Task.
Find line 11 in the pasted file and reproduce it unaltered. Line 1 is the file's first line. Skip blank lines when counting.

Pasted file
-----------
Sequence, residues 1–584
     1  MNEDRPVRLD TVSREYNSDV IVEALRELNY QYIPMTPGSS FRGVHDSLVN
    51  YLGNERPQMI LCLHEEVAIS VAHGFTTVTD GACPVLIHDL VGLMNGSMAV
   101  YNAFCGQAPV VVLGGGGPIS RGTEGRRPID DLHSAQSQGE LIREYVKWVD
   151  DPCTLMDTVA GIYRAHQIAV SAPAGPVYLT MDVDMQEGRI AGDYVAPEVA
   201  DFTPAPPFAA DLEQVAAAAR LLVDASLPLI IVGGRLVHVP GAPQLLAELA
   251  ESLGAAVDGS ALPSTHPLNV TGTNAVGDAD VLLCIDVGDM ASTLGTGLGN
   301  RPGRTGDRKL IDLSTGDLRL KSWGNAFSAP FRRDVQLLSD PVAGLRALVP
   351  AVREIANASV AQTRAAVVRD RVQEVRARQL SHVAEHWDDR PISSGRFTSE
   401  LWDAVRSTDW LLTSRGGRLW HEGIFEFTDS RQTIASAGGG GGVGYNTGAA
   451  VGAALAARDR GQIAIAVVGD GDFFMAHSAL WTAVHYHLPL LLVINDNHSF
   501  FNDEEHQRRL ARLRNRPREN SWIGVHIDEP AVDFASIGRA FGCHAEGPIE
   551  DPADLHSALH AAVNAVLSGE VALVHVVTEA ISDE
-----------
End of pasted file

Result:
   451  VGAALAARDR GQIAIAVVGD GDFFMAHSAL WTAVHYHLPL LLVINDNHSF